Trenchard on the dangers posed by a standing army (1698)
Found in: A Collection of Tracts, vol. I
The radical Whig and Commonwealthman John Trenchard (1662-1723) wrote several tracts in the late 17th century warning his fellow countrymen of the dangers to liberty posed by a standing army. In this passage he argues that even if one has a “good Prince” as a ruler the very existence of such a powerful force is a temptation to use it to increase the state’s power:
War & Peace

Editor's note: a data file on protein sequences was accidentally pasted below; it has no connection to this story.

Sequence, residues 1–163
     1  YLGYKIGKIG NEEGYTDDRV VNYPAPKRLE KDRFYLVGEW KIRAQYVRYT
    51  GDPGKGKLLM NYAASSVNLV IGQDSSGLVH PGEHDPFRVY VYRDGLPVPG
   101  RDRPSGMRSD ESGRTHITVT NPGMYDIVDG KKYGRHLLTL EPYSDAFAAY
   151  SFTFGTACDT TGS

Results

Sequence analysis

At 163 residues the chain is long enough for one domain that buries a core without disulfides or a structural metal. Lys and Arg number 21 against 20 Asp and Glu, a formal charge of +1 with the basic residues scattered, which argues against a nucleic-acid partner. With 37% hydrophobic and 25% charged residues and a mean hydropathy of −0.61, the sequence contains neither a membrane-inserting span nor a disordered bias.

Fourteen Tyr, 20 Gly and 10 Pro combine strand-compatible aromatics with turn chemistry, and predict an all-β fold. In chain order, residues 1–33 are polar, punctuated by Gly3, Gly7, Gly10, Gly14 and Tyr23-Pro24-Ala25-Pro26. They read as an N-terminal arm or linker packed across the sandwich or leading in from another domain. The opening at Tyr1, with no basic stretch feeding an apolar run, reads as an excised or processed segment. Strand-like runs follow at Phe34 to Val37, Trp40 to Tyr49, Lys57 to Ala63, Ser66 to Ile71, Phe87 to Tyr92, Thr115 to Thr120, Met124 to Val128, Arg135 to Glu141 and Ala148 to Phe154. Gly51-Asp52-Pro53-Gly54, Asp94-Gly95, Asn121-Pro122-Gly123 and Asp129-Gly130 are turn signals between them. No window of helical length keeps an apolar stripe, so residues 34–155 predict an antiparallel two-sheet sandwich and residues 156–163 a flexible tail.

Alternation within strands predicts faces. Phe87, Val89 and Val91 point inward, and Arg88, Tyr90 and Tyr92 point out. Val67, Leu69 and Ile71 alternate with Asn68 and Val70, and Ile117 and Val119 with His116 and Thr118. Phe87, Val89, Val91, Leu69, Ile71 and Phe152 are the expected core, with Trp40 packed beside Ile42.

I will venture to say, that if this Army does not make us Slaves, we are the only People upon Earth in such Circumstances that ever escaped it, with the 4th part of their number… If this Army does not enslave us, it is barely because we have a virtuous Prince that will not attempt it; and it is a most miserable thing to have no other Security for our Liberty, than the Will of a Man, though the most just Man living: For that is not a free Government where there is a good Prince (for even the most arbitrary Governments have had sometimes a Relaxation of their Miseries) but where it is so constituted, that no one can be a Tyrant if he would. Cicero says, though a Master does not tyrannize, yet it is a lamentable consideration that it is in his Power to do so; and therefore such a Power is to be trusted to none, which if it does not find a Tyrant, commonly makes one; and if not him, to be sure a Successor.